Brutal, Bloody And Grim: For These Eight, Hateful Ain’t The Half Of ItPosted: January 2, 2016
At this point I think we all have a pretty good idea of what to expect from a Quentin Tarantino film. You’ll get your opaque cult cinema references, your flowery dialogue, your jet-black humor and your bloody ultraviolence, all linked together by the fearless audacity of Tarantino’s frantic cinematic voice. The Hateful Eight certainly has all of these ingredients present and accounted for, and I am not surprised to see some critics already complaining that it is standard QT fare. But to dismiss The Hateful Eight in this way ignores two new ingredients in this particular pot of Tarantino: the deliberate pace, and the unshakable nihilism. And with that in mind, I say that The Hateful Eight shows Tarantino forging new ground in his filmography, while still staying true to that audacious voice that has made him a modern cinematic master.
The film is an exceedingly simple high concept: a blizzard traps a bounty hunter and his captured quarry in a frontier store with a surly cast of characters. The bounty hunter is John Ruth (Kurt Russell) and his captive is Daisy Domergue (Jennifer Jason Leigh). There’s also fellow bounty hunter and former Union soldier Marquis Warren (Samuel L Jackson) and soon-to-be-sheriff and ex-Confederate Chris Mannix (Walton Goggins) who rode in the same coach as Ruth and Domergue. In the store we meet hangman Oswaldo Mobray (Tim Roth), cowboy Joe Gage (Michael Madsen) and Confederate general Sanford Smithers (Bruce Dern) who are already waiting out the storm. And then there’s Bob (Demian Bichir) who’s minding the store for the owners and OB (James Parks) who was driving the coach. And yes that’s nine and not eight, because math is less important than a good title.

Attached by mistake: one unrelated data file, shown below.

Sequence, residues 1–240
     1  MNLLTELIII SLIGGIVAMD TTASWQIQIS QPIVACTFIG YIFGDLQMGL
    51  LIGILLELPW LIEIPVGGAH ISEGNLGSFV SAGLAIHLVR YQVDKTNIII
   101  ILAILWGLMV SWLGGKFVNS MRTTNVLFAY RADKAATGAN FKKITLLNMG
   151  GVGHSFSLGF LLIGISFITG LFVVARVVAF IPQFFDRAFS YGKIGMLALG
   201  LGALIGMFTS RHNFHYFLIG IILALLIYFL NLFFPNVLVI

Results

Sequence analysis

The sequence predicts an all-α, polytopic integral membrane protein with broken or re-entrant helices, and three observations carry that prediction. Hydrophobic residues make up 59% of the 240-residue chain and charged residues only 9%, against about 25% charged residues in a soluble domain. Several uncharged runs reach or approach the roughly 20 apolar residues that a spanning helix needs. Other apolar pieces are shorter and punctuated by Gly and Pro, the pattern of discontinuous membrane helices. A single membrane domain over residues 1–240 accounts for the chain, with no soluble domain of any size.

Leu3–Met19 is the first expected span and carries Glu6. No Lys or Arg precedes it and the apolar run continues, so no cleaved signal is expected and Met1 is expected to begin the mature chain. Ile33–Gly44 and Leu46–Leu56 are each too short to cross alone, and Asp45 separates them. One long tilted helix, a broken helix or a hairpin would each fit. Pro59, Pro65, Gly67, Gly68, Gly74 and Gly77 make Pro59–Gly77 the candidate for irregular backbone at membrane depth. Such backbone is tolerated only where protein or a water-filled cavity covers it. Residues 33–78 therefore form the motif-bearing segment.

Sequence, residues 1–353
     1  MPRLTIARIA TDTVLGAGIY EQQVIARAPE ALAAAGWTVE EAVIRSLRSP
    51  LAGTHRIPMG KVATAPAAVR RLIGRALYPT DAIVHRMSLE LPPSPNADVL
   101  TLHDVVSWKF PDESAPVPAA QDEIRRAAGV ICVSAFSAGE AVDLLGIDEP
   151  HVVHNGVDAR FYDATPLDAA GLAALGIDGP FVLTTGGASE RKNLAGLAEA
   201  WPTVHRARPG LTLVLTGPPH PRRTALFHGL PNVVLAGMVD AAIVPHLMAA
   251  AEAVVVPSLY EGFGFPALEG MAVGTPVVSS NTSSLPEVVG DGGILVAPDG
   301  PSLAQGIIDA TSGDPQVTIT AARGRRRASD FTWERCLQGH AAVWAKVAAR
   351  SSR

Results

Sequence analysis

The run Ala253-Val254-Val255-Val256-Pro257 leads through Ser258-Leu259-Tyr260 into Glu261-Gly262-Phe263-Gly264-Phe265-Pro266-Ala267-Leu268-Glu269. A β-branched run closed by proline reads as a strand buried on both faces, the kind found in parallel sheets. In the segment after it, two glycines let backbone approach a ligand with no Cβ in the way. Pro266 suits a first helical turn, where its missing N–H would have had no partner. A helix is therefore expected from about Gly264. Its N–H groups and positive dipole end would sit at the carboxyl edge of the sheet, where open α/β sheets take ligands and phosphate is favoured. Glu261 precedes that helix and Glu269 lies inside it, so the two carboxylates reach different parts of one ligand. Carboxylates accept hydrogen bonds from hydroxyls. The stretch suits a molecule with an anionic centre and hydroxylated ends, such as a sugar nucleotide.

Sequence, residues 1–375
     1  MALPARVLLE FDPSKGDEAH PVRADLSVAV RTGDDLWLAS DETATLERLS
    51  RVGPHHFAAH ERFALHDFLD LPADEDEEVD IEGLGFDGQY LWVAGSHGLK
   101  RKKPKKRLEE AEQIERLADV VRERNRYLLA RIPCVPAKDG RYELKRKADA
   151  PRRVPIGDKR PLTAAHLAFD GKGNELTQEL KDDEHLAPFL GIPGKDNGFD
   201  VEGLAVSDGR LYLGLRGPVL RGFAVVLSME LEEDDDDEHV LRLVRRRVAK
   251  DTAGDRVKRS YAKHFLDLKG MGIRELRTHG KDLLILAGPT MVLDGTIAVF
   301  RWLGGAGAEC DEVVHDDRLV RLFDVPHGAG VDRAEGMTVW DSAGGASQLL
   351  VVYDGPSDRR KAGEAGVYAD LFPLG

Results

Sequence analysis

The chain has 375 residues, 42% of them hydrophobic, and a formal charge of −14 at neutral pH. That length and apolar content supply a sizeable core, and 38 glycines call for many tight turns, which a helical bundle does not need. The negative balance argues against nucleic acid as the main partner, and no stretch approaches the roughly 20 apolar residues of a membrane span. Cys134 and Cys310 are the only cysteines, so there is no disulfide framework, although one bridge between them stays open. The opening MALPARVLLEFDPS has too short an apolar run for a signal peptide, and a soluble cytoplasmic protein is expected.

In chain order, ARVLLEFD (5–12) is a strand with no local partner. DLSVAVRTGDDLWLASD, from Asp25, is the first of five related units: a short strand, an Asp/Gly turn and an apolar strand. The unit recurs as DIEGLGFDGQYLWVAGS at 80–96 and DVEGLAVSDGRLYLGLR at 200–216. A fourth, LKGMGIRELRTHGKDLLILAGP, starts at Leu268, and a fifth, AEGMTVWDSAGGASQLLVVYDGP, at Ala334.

The most obvious difference between The Hateful Eight and all other Tarantino movies is the careful and deliberate pace that marks most of the film. The first act of the film — with Ruth, Domergue, Warren, and Mannix in the coach — takes its time in exactly the way you might expect of a good Western. There are some gorgeous scenic shots to frame the conversational interplay amongst the initial quartet, and very little violence to speak of. Once the coach arrives at the storefront, the scope shrinks while the interplay among the cast heats up. It’s not until the midpoint that things really explode, and from there Tarantino just keeps escalating all the way to the climax. What’s most impressive about this slow-burn tension is that it is accomplished purely through dialogue and context; Tarantino uses the slow pace of the first half to establish exactly who each of these characters is so that we have a (supposedly) clear understanding of where they stand throughout the shitshow that follows.